“To meet our environmental challenges and ensure fiscal responsibility, we’re proposing targeted investments in core priorities. This budget cuts spending while promoting clean air, land and water; growing the green economy; and strengthening enforcement,” said EPA Administrator Lisa Jackson. ”The president’s budget is focused on creating the conditions that help American families, communities and small businesses thrive. Clean air, clear water and green jobs are rebuilding the foundations for prosperity in communities across the country.”
The budget includes $1.3 billion to address Superfund sites that may be releasing harmful or toxic substances into the surrounding community. Cleaning up these sites improves communities’ health and allows for these properties to be used for economic development.
In addition, $215 million is provided to clean up abandoned or underused industrial and commercial sites that are available for alternative uses but where redevelopment may be complicated by the presence of environmental contaminants. Revitalizing these once productive properties, known as brownfields, helps communities by removing blight, satisfying the growing demand for land, and enabling economic development. EPA will focus its efforts on area-wide planning and cleanups, especially in under-served and economically disadvantaged communities.
This budget also offers $27 million for EPA’s new Healthy Communities Initiative. This initiative will address community water priorities; promote clean, green, and healthy schools; improve air toxics monitoring in at-risk communities; and encourage sustainability by helping to ensure that policies and spending at the national level do not adversely affect the environment and public health or disproportionally harm disadvantaged communities.
In addition to the funding provided through the Healthy Communities Initiative, the budget includes $60 million to support state efforts to implement updated National Ambient Air Quality Standards (NAAQS). EPA proposed stricter air quality standards for smog and nitrogen dioxide (NO2) and will work with states to help them meet those standards in the years ahead.
The budget includes $1.3 billion for state and tribal grants. State and local governments are working diligently to implement new and expanded requirements under the Clean Air Act and Clean Water Act. New and expanded requirements include implementation of updated NAAQS and addressing emerging water quality issues such as nutrient pollution. In addition to the $25 million for greenhouse gas permitting and $60 million to support state efforts to implement updated NAAQS, the $1.3 billion for state and tribal grants includes $45 million for states to enhance their water enforcement and permitting programs.
To help tribes move forward with implementation of environmental programs, $30 million is budgeted for a new, competitive, Tribal Multi-Media Implementation grant program. To further enhance tribal environmental management capabilities, the budget also includes an additional $9 million for Tribal General Assistance Program grants.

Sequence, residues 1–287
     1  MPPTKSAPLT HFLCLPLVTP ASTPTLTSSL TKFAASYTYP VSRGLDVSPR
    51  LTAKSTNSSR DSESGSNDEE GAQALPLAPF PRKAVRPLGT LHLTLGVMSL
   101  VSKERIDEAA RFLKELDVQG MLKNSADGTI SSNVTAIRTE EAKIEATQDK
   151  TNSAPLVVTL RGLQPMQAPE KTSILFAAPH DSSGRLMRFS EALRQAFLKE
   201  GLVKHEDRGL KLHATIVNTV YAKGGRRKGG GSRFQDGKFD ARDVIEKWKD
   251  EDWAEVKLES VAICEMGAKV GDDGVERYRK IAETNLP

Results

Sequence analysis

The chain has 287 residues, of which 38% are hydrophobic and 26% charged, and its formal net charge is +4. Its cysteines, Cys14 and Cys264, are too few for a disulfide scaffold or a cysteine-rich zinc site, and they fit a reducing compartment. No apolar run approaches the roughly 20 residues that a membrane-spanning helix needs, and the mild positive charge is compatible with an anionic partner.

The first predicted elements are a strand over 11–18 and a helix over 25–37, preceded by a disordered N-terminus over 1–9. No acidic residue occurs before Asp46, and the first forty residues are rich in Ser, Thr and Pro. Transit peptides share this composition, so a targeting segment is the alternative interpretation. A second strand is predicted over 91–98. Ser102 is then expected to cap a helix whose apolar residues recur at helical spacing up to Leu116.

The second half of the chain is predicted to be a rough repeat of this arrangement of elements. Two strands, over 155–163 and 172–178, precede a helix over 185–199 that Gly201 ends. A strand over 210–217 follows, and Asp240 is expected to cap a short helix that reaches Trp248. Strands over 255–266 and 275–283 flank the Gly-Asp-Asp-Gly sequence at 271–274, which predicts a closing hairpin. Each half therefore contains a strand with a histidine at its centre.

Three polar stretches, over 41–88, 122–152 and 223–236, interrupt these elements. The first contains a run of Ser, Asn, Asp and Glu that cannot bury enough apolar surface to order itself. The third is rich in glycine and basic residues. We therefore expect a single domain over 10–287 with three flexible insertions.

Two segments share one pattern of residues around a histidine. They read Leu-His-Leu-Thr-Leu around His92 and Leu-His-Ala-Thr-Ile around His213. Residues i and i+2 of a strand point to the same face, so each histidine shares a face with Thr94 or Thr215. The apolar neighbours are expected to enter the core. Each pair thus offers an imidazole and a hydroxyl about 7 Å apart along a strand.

The budget contains more than $43 million for additional efforts to address climate change and work toward a clean energy future. EPA will implement the greenhouse gas reporting rule; provide technical assistance to ensure that any permitting under the Clean Air Act will be manageable; perform regulatory work for the largest stationary sources of greenhouse gas emissions; develop standards for mobile sources such as cars and trucks; and continue research of carbon capture and sequestration technologies.
The budget broadens efforts to clean up America’s great waterbodies. It provides $63 million for efforts to protect and restore the Chesapeake Bay and $17 million for the Mississippi River Basin to respond to non-point source control recommendations of the Nutrients Innovation Task Group and implement recommendations outlined in the Gulf of Mexico Hypoxia Action Plan.
This budget also invests $3.3 billion to maintain and improve outdated water infrastructure and keep wastewater and drinking water clean and safe. This is in addition to $6 billion in funding provided to states through the American Recovery and Reinvestment Act (ARRA).
The budget calls for $56 million for chemical assessment and risk review to ensure that no unreasonable risks are posed by new or existing chemicals. The budget also invests $29 million (including $15 million in grants funding) in the continuing effort to eliminate childhood lead poisoning, and $6 million to support national efforts to mitigate exposure to high-risk legacy chemicals, such as mercury and asbestos.
The budget contains $8 million for environmental justice programs. It targets increased brownfields investments to under-served and economically disadvantaged neighborhoods, and proposes $9 million for community water priorities in the Healthy Communities Initiative, funds that will help under-served communities restore urban waterways and address water quality challenges.
For more information about EPA’s budget, visit http://www.epa.gov/budget.